The good news for the industry is that the registration process isn’t a contest with a limited number of awards. It is just a procedure that certifies that certain standards and best practices are followed by the teams willing to venture into this relatively new domain for this region of Europe. The “light” registration regime successfully implemented by the FSA resulted in more flexible legislation that will encourage the emergence of micro-alternative investment funds in the field of technology and in other fields, developing the Romanian ecosystem of alternative investment funds.
While regular investment fund registration or authorization processes with the Financial Supervision Authorities give you rights to manage such funds in restricted jurisdictions, EuVECA allows the Alternative Investment Fund Managers (AIFM) to manage funds anywhere across the European Union.
This represents a great opportunity for us as a team to expand our operations. ROCA X is getting closer to its harvesting period after what I would call a very intensive investment period, with some promising results already getting visibility.
As a natural next step for an AIFM like ROCA X, we will soon start raising the second fund pursuing the mission to increase our contribution to the creation of an entrepreneurial ecosystem that generates a positive impact on the economy. This will be achieved by identifying innovative ideas and companies founded by entrepreneurs passionate about solving modern and real problems, as well as supporting them through active involvement in company management, resources, networking, know-how, and funding to turn them into tomorrow’s unicorns.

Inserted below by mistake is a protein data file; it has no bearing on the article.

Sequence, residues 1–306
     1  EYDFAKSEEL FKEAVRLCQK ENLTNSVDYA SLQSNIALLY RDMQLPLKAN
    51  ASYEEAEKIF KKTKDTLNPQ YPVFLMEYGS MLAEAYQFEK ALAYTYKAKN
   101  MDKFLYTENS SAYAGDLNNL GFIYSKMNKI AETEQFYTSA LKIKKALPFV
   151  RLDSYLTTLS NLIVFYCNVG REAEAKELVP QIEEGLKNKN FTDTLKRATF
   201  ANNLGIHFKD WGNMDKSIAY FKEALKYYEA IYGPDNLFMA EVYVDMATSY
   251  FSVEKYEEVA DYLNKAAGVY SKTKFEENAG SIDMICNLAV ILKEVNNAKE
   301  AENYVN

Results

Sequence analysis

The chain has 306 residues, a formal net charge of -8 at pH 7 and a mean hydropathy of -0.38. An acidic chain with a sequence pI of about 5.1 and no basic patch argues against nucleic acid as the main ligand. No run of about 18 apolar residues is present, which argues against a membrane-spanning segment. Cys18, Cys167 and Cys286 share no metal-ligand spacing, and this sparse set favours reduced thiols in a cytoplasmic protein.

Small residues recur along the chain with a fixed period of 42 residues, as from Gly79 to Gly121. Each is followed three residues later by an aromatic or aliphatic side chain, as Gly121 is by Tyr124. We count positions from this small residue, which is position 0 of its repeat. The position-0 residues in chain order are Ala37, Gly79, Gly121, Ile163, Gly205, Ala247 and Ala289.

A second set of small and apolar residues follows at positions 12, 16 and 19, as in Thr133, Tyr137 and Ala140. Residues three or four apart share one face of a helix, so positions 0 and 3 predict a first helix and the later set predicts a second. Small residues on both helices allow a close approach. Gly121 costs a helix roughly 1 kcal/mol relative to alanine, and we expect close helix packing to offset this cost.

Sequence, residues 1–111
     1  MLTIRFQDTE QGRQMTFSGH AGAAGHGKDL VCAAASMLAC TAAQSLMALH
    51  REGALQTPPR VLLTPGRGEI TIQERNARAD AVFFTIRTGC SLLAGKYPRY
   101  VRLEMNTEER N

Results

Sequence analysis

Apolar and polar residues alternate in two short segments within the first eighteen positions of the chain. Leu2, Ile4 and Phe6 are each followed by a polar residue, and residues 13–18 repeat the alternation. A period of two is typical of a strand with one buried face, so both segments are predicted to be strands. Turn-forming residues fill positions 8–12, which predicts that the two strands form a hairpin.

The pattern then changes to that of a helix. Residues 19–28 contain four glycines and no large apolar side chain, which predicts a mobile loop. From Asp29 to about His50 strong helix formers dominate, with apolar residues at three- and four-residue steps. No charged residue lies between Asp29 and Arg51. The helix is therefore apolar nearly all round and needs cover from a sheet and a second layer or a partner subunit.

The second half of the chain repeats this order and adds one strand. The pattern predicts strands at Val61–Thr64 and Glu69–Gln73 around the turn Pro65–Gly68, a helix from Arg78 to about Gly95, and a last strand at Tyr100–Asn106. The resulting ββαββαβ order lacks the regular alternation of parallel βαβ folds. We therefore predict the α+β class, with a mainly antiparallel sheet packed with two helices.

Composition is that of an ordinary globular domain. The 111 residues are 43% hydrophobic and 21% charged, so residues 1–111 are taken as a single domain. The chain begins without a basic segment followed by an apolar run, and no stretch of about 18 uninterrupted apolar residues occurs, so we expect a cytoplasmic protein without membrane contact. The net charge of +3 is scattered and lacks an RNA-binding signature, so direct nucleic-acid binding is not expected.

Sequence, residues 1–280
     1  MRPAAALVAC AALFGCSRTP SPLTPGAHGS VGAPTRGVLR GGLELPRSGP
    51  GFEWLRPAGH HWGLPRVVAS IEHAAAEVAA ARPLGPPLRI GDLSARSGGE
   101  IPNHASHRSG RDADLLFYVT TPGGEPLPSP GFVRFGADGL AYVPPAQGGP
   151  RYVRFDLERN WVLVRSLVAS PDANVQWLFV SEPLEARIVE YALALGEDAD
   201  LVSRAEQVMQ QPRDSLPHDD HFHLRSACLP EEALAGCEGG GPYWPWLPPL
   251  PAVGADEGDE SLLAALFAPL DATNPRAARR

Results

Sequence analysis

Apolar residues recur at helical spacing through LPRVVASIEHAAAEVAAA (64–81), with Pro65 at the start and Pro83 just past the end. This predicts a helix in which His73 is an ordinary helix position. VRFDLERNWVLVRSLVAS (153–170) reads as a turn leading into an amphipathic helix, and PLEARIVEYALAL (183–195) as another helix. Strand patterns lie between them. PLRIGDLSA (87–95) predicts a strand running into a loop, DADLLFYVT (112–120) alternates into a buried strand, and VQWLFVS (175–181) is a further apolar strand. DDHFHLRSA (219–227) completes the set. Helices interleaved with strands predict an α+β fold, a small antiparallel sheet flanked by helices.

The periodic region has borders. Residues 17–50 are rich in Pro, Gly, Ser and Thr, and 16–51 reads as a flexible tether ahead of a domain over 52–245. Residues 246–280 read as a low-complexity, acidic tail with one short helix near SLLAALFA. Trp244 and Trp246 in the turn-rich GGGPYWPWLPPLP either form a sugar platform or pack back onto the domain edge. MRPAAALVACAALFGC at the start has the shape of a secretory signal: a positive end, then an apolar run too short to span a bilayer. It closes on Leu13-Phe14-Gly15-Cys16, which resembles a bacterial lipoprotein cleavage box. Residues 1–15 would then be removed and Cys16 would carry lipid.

We have great confidence in the creative genius of the regional resources. The lack of resources, a heritage from the communist and post-communist times, made entrepreneurs in the region even more efficient in many aspects of the business once they become passionate about solving a problem regardless of whether it’s a deep tech one, environmental one, or a business challenge.
We believe that this added efficiency will generate startups that will conquer international markets once they transcend the fragmented regional market. We’ll maintain our generalist approach in the search for these tech model startups that are scalable at least European, if not globally.
Not currently. We will be evaluating whether a narrower thesis would be more suitable for our second fund, but at this point, we’re just looking forward to meeting founders in all tech startups related areas with disruptive initiatives and a passion for problem-solving.